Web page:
H.R.H. The Maharanee of Baroda (sold: Palais Galliéra, Paris, 30th November 1961, lot 11)
Sale: Palais Galliéra, Paris, 12th December 1962, lot 54
Private Collection, Paris (purchased at the above sale)
Private Collection (by descent from the above. Sold: Christie's, New York, 9th May 2007, lot 19)
Purchased at the above sale by the present owner
Daniel Wildenstein, Monet, catalogue raisonné, Cologne, 1996, vol. II, no. 690, illustrated p. 259
David Joel, Monet at Vétheuil and on the Norman Coast, 1878-1883, Woodbridge, 2002, mentioned p. 132
Virginia Spate, The Colour of Time: Claude Monet, London, 1992, p. 144
La porte du jardin à Vétheuil depicts a view of Monet’s garden at Vétheuil (fig. 1), a small village situated along the Seine, where the artist and his family lived from September 1878 until December 1881. This picturesque location had been the site of some of Monet’s most successful Impressionist landscapes of the late 1870s, and continued to fascinate him well into his later career. The natural beauty of the region was of great appeal to the artist, as was the impressive Medieval architecture that could be seen from many points in the surrounding area. Of particular interest to him were the rigid shapes of buildings, most noticeably that of the imposing 10th century church of Notre Dame de Vétheuil, juxtaposed against the patchwork of the landscape. In 1878, and again in 1901, Monet executed a number of iconic views of Vétheuil, showing the village as seen from across the river, with the fragmented reflection of the church and its environs appearing in the ripples of water.
The house in Vétheuil was a shared household between Monet's family and his patrons Ernest and Alice Hoschedé, and the artist of course took particular interest in cultivating a garden. Evidently delighted by its splendour, in the summer 1881 Monet painted two oils depicting Alice seated outdoors and reading, surrounded by lush vegetation (D. Wildenstein, op. cit., nos. 680 & 681; fig. 2). He also executed four paintings showing the garden and the steps leading towards the house which is partially hidden by the sunflowers (ibid., nos. 682-685; fig. 3). For the present work, Monet has turned his easel in the opposite direction, and standing in the garden has painted the gate and the view beyond it. Discussing this group of works, Virginia Spate wrote: ‘This was the first time he had painted the Vétheuil garden, although Taboureux who visited him in 1880 found it sufficiently remarkable to comment on his use of masses of “natural flowers”. […] In paintings of the garden at Vétheuil, [Monet] insisted upon the presence of the fence, whose emphatic rail and palings sharply mark off the world of the domestic garden from that which lies beyond’ (V. Spate, The Colour of Time: Claude Monet, London, 1992, p. 144).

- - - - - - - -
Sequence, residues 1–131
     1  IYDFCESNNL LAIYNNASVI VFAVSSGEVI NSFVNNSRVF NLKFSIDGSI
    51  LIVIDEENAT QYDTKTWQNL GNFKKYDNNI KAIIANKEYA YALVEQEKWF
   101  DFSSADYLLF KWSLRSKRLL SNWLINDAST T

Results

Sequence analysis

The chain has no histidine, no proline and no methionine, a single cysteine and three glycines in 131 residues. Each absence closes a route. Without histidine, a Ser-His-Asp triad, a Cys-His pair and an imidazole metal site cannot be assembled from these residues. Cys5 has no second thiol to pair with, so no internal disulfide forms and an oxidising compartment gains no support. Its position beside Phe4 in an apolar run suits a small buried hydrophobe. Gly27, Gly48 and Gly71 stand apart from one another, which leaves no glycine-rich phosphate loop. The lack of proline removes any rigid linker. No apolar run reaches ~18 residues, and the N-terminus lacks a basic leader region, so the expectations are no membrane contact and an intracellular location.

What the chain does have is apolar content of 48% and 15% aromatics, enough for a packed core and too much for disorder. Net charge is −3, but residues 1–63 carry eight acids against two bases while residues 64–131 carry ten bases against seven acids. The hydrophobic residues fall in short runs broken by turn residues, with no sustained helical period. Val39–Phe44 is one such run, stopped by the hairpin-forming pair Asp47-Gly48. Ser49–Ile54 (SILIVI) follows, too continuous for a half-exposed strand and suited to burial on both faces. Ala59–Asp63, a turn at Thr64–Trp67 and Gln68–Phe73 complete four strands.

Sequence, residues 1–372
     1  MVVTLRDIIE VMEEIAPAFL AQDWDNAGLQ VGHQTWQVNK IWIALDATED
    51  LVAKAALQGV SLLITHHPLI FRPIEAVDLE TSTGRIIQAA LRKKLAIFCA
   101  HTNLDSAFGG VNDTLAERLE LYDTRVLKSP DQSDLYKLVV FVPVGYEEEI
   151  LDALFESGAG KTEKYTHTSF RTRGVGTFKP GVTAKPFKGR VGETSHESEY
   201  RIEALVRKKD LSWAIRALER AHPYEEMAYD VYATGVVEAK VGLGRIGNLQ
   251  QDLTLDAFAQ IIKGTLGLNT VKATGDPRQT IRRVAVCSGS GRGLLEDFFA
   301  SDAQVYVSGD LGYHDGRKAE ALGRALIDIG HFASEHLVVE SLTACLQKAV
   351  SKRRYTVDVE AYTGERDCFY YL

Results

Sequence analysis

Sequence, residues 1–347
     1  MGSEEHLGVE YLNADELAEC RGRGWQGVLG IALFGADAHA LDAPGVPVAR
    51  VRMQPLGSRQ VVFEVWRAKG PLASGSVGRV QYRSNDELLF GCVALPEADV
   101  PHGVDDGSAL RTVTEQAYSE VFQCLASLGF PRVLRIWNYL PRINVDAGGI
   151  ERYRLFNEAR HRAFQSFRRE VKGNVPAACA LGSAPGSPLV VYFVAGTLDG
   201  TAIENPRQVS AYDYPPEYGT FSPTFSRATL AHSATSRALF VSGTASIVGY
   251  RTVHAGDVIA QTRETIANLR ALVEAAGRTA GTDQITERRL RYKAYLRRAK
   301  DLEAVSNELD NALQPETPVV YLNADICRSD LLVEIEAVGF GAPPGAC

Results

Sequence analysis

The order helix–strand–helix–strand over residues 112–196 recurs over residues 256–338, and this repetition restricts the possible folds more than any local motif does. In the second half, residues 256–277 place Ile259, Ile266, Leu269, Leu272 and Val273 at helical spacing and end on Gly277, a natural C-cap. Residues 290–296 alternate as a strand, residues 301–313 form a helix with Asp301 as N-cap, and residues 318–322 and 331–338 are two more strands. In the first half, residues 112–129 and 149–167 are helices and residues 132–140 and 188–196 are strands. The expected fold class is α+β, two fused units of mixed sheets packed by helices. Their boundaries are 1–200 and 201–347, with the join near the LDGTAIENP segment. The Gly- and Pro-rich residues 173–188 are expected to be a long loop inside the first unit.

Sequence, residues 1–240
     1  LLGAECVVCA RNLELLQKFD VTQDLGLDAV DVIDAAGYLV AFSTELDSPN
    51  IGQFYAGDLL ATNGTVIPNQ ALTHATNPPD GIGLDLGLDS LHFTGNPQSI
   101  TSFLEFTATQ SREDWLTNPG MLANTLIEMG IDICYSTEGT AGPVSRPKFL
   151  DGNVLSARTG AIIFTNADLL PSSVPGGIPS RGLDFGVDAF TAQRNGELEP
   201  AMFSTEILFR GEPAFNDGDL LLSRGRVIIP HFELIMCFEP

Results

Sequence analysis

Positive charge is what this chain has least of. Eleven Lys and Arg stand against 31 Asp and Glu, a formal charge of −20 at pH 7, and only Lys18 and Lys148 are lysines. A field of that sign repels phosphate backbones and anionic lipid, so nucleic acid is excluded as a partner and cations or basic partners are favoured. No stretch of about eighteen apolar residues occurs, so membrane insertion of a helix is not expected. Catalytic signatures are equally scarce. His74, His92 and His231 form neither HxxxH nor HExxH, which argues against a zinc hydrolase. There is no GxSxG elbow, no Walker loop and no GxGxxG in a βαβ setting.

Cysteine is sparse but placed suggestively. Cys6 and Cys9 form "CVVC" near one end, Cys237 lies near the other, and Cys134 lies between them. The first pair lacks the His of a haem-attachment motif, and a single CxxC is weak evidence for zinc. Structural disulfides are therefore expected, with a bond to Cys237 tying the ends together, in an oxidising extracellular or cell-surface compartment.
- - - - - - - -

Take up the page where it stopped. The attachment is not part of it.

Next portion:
At the end of the summer 1881 Monet travelled north-west to the Normandy coast, where he painted the seascape at Le Havre and Trouville. David Joel writes that he executed the present work and its companion piece La porte du jardin on his return to Vétheuil in September: ‘The gardens were still full of colour and he made two paintings of the garden gateway to the river. In one of them, [the present work], a little girl, probably Germaine, is leaning against the right-hand gate post’ (D. Joel, Monet at Vétheuil and on the Norman Coast, 1878-1883, Woodbridge, 2002, p. 132). With its lively palette of green, blue and yellow tones, La porte du jardin à Vétheuil beautifully renders the atmosphere of a bright sunny day. The composition is dominated by the garden gate in the centre and the fence extending to the left and right edge of the canvas, their pronounced vertical and horizontal lines in stark contrast to the wild vegetation surrounding them, both the bushes that occupy the foreground and the branches that appear to hang from above. In the distance, across the river, Monet has painted a silhouette of the town of Lavacourt.
Christoph Becker wrote about Monet’s garden paintings executed in 1881: ‘That year Monet’s garden also flourished magnificently. Anyone going to the garden had to cross the road and go through a gate at the top of a flight of stone steps leading down to a grassy area. On either side of the steps there were several rows of sunflowers which had shot up in June. On the lower steps and on the grass were the already familiar six large, blue-patterned plant-pots, densely planted with red gladioli. […] The advantage of having one’s own garden was that a motif could be arranged for the purpose of painting, in a carefully planned natural setting, and right by where the artist lived. When a journalist asked if he might enter Monet’s studio in Vétheuil, Monet was immediately indignant: “My studio! But I’ve never had one, and I don’t understand how anyone could shut themselves into a room”’ (C. Becker, Monet’s Garden (exhibition catalogue), Kunsthaus, Zurich, 2004-05, p. 39). Indeed, the present work is a great example of Monet’s paintings executed en plein air, showing his delight at depicting nature in all its splendour.
This work has been requested for the forthcoming exhibition The Enchanted Garden to be held at the Laing Art Gallery, Newcastle upon Tyne from June to October 2018.
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